National Headlines

CONSUMER REPORTS: Nearly half of sunscreens don’t meet the SPF claim on the label

Last updated: March 2017 

RELATED STORY
Consumer Reports … on Health: “When a nurse is as good as a doctor.”

Our tests of over 60 sunscreen lotions, sprays, sticks, and lip balms showed that you can’t always rely on the sun protection factor (SPF) number, a measure of protection from ultraviolet B (UVB) radiation, which is the chief cause of sunburn and contributes to skin cancer. We also tested for protection against ultraviolet A (UVA) rays, which tan and age skin, and also contribute to skin cancer. We found more than a dozen sunscreens that did well enough against both UVA and UVB to recommend.  

 

RELATED STORY
CONSUMER REPORTS: ‘7 steps to better doctor-patient communication’

Sunscreen Buying Guide | By CONSUMER REPORTS

The sun protection factor (SPF) is a relative measure of how long a sunscreen will protect you from UVB rays. Usually, the number is explained as the amount of time it takes an individual’s skin to burn when it’s covered in sunscreen compared to when it’s not. For example, assuming you apply and reapply the sunscreen correctly, if you’d normally burn after 20 minutes in the sun, an SPF 30 protects for about 10 hours. But intesity and wavelength distribution UVB rays vary throughout the day and by location.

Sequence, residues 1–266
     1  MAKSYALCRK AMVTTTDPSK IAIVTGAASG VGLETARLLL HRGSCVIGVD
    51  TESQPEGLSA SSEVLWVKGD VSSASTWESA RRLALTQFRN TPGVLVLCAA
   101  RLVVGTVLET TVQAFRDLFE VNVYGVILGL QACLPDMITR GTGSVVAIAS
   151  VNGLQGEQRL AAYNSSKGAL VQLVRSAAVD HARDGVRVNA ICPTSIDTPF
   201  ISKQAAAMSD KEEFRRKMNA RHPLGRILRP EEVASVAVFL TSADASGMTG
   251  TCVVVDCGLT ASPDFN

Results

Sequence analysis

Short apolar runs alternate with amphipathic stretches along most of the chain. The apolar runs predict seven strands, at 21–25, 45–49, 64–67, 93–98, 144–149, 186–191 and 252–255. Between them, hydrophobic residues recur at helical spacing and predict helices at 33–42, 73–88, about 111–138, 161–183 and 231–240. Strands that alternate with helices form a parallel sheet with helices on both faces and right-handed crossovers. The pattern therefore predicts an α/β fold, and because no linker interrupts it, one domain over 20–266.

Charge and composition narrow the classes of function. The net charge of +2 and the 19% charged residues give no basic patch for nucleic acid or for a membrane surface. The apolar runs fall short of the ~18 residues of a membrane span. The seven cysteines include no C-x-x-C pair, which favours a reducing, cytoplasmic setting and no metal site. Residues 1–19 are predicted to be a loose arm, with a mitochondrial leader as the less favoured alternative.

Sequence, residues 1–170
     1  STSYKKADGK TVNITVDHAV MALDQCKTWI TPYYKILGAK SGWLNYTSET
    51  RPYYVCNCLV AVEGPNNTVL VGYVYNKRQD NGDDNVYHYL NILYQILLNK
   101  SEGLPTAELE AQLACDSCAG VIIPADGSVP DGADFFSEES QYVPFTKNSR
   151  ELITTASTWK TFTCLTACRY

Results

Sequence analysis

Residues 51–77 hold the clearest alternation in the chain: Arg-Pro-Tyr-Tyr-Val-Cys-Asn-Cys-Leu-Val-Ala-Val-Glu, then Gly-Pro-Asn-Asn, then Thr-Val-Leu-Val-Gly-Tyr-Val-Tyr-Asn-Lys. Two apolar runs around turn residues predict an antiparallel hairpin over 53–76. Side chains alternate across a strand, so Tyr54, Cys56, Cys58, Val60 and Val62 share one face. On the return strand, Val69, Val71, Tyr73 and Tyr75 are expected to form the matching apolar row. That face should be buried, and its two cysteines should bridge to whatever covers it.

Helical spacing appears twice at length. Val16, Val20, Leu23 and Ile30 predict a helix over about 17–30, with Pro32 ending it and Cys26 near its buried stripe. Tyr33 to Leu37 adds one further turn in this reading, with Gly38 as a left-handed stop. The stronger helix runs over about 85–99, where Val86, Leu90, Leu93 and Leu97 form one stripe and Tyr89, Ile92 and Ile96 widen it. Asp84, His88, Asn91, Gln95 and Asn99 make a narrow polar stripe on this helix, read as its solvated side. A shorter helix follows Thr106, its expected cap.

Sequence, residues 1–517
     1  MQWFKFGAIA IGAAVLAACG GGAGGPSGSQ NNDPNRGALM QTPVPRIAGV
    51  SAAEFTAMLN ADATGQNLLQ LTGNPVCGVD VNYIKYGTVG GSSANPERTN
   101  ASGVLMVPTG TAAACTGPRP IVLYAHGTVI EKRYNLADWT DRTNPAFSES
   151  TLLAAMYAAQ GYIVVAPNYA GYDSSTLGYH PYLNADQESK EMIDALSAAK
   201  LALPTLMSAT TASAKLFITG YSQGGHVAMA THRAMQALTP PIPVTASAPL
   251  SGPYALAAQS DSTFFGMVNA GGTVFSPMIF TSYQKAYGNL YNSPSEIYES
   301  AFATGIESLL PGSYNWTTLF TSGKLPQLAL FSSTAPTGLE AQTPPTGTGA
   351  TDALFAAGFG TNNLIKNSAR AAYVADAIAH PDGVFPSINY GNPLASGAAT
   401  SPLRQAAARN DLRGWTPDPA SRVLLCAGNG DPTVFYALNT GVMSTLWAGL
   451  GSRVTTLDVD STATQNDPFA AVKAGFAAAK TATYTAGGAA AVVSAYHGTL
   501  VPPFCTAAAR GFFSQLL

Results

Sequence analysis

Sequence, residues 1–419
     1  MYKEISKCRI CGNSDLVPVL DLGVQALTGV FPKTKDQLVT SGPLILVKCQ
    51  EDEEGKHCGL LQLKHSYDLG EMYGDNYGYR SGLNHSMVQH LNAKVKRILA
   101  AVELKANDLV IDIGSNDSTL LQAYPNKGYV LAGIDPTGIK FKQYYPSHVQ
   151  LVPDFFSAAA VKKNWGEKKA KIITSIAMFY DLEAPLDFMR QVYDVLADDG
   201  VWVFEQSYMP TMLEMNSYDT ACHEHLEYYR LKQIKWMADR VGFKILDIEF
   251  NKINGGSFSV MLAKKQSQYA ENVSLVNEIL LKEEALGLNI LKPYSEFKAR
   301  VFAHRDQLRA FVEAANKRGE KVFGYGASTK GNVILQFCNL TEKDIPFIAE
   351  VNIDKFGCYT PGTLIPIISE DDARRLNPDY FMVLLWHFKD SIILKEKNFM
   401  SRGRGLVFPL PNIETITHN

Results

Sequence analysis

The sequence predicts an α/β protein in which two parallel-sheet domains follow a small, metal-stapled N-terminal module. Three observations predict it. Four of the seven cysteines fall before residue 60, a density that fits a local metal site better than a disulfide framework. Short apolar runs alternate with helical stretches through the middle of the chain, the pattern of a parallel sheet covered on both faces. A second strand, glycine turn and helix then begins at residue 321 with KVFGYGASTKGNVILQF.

RELATED STORY
Consumer Reports on ‘Concierge’ Medicine

And that calculation does not apply to UVA rays. That’s why you need a broad-spectrum sunscreen that provides protection against both types of UV rays. However, no sunscreen blocks 100 percent of UVA or UVB rays. The breakdown: SPF 30 blocks 97 percent of UVB rays, SPF 50 blocks 98 percent, and SPF 100 blocks 99 percent.

READ MORE …

SOURCE: http://www.consumerreports.org/cro/sunscreens/buying-guide.htm

Advertisements

Categories: National Headlines

Leave a Reply

Fill in your details below or click an icon to log in:

WordPress.com Logo

You are commenting using your WordPress.com account. Log Out / Change )

Twitter picture

You are commenting using your Twitter account. Log Out / Change )

Facebook photo

You are commenting using your Facebook account. Log Out / Change )

Google+ photo

You are commenting using your Google+ account. Log Out / Change )

Connecting to %s